H)
        filename="FILENAME," ;;
        n)
        linum="NR," ;;
        p)
        patterns+=( "$OPTARG" ) ;;
        h)
        header_flag=true ;;
        \?)
        _usage
        return ;;
    esac
    done

    if [[ -n $filename || -n $linum ]]; then
    colon="\":\","
    fi

    shift $(( $OPTIND - 1 ))

    if [[ $ignorecase_flag == true ]]; then
    for s in "${patterns[@]}"; do
            result+=" && s~/${s,,}/"
    done
    result=${result# && }
    result="{s=tolower(\$0)} $result"
    else
    for s in "${patterns[@]}"; do
            result="$result && /$s/"
    done
    result=${result# && }
    fi

    result+=" { print "$filename$linum$colon"\$0 }"

    if [[ ! -t 0 ]]; then       # pipe case
    cat - | awk "${result}"
    else
    for f in "[email protected]"; do
        [[ $header_flag == true ]] && echo "########## $f ##########"
        awk "${result}" $f
    done
    fi
}

Usage:

echo "a b c" | m -p A 
echo "a b c" | m -i -p A # a b c

You can put it in .bashrc if you like.

Solution 19

grep -i -w 'string1\|string2' filename

This works for exact word match and matching case insensitive words ,for that -i is used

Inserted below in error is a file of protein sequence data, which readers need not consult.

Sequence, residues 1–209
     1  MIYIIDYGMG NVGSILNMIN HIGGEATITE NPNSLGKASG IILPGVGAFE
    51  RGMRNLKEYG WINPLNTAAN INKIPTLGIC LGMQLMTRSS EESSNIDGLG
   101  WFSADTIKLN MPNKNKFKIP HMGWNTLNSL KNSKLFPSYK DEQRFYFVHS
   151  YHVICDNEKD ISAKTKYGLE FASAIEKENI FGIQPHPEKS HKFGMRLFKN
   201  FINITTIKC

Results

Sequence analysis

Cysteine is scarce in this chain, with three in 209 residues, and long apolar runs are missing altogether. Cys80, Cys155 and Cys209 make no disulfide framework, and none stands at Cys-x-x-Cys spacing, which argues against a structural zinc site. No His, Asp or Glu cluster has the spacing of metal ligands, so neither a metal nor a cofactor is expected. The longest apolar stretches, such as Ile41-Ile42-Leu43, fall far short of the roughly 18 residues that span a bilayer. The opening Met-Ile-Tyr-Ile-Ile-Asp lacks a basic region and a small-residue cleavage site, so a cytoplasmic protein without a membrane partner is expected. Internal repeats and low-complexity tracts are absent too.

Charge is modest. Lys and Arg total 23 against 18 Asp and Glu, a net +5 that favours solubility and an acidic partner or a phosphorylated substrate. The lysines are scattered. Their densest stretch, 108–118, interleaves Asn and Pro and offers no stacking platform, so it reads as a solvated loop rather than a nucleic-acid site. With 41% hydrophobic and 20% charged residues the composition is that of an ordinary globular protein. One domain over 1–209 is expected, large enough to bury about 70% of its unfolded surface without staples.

Solution 20

When the both strings are in sequence then put a pattern in between on grep command:

$ grep -E "string1(?.*)string2" file

Example if the following lines are contained in a file named Dockerfile:

FROM python:3.8 as build-python
FROM python:3.8-slim

To get the line that contains the strings: FROM python and as build-python then use:

$ grep -E "FROM python:(?.*) as build-python" Dockerfile

Then the output will show only the line that contain both strings:

FROM python:3.8 as build-python

Solution 21

If git is initialized and added to the branch then it is better to use git grep because it is super fast and it will search inside the whole directory.

git grep 'string1.*string2.*string3'

Solution 22

searching for two String and highlight only string1 and string2

grep -E 'string1.*string2|string2.*string1' filename | grep -E 'string1|string2'
  • or
grep 'string1.*string2\|string2.*string1' filename | grep -E 'string1\|string2'

Solution 23

ripgrep

Here is the example using rg:

rg -N '(?P<p1>.*string1.*)(?P<p2>.*string2.*)' file.txt

It's one of the quickest grepping tools, since it's built on top of Rust's regex engine which uses finite automata, SIMD and aggressive literal optimizations to make searching very fast.

Use it, especially when you're working with a large data.

See also related feature request at GH-875.